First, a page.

Well, I met with my legion of adoring librarian fans (made it out with most of my clothes not torn off, but barely) on Friday and then attended a couple IFOA events on Saturday. Great shows, both.
First, the Paul Quarrington tribute event, which was so packed with celebrities that it made me reflect on whether I could even get my family to show up at such an event for me. My conclusion: unlikely. The place was name-drop central: Roddy Doyle, Margaret Atwood, Paul Gross, Dave Bidini and the Rheostatics, Alistair MacLeod, Nino Ricci, David Bezmozgis, etc., virtually every big-time editor and publisher of note in the Toronto area, and a bunch of film/tv types. And those who weren’t on stage were in the audience. I know it sounds corny, but there was definitely a lot of love in the room. Srsly. I almost wiped my eyes at one point and I barely know Paul. It was more about the assembled communicating an incredible flow of celebration and joy at his having been than anything to do with death. Lovely all around.
That night I lined up with the pleebs to see Margaret Atwood and my friend Paul Durcan read. Atwood read from her new book and even sang a “hymn” to close out the piece, surprising everyone but herself. I’ve never heard her voice so modulated! And she CAN carry a tune. It was fun, to say the very least.
Durcan walked out on stage, an elder statesman of Irish verse, opened his book and read. Not a word that wasn’t poetry except “Thank you” at the end. Besides being a poet of great talent and importance, he’s also an incredible reader. Back and forth between the highbrow serious and chattily humorous, he seemed to have no trouble navigating a range of poetic and dramatic forms. I know him as a humble, generous man, but it was something else to see him dramatically transformed by his own poetry into a thundering powerhouse. What amazed me afterward were the line ups for signings. At first the Atwood line dwarfed the Durcan line. It reminded me of the time I read with Steven Heighton and Anne Marie MacDonald. (I sat between them after the reading to sign books and their two lines stretched away and around a corner while mine was done after one or two signatures. It was like sitting in a tunnel for the rest of the afternoon. Even MacDonald and Heighton noticed and started chatting with me to distract from the situation. Finally Dave O’Meara and a couple other people came over and stood in front of me to chat so it didn’t look so bad. Brutal.) Everyone there already had her book and were immediately in line to get it signed. I was getting ready to go buy another one of his books to get it signed and start the line, but slowly, as people made their way to the book table and back, Durcan’s line grew and grew until it rivaled a good portion of Atwood’s. That’s not bad for a poet in Canada. People had obviously been taken with the reading and realized through the power of his delivery that they would be missing something special if they didn’t buy the book. Well done!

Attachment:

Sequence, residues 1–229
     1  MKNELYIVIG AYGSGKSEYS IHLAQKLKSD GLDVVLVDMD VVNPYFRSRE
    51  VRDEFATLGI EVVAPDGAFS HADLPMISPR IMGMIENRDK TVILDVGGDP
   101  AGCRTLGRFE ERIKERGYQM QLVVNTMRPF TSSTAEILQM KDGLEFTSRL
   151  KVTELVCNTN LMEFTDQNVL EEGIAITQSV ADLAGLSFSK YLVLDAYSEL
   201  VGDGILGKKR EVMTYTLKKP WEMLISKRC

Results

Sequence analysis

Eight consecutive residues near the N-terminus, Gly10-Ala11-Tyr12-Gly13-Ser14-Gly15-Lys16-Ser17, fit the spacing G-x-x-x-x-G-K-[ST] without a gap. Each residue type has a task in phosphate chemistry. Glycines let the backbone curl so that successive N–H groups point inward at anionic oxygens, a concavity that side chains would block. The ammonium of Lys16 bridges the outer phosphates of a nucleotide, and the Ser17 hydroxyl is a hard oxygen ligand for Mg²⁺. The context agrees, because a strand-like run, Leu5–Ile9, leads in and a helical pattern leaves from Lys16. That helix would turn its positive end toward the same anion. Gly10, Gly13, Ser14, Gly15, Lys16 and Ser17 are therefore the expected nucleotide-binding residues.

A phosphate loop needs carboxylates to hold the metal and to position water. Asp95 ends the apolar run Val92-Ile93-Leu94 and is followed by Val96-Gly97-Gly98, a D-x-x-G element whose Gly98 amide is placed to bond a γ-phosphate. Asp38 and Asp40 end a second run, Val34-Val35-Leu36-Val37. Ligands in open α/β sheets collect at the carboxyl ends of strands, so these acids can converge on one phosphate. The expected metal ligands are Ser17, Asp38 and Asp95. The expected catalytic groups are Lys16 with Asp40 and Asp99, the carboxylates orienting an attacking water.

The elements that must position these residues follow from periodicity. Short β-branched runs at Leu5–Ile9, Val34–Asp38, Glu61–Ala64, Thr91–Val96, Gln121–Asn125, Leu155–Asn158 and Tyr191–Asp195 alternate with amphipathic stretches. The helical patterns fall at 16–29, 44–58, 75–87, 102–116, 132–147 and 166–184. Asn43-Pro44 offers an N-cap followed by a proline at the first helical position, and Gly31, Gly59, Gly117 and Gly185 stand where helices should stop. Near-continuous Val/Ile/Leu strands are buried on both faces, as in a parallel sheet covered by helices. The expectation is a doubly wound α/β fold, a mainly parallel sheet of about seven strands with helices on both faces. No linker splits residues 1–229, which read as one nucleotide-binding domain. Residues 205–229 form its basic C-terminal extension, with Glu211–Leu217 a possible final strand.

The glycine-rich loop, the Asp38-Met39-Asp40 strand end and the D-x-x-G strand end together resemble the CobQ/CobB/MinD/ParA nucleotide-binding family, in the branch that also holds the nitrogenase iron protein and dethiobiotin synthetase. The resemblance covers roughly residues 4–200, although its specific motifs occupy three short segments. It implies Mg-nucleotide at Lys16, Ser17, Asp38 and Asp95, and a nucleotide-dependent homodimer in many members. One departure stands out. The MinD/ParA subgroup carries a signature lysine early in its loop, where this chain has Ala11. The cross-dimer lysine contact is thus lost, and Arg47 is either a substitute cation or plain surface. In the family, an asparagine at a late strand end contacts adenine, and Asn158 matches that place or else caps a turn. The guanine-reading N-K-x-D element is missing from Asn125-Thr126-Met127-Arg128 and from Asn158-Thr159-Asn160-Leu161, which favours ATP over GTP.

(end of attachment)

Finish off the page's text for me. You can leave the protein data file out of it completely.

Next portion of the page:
After the reading I retired to the bar with some friends, and later to the IFOA “Hospitality Suite”, which some people call the “Hostility Suite”, but which I call the “OMG Free Whiskey Suite”.Â There I chatted with all manner of people more famous than I and generally tried not to make a fool of myself. (I know..) The next morning I flew out of the Island Airport and bumped into Graham Gibson. I tried to hide my hangover from him, but I don’t think I was entirely successful.
Now I’m sick. F’n booze and its immune system-deperssing properties and f’n flights filled with hacking wheezebag passengers. I’m kind of hoping it’s Swine Flu so I can just get the damn thing over with. I’ll let you know in a few days.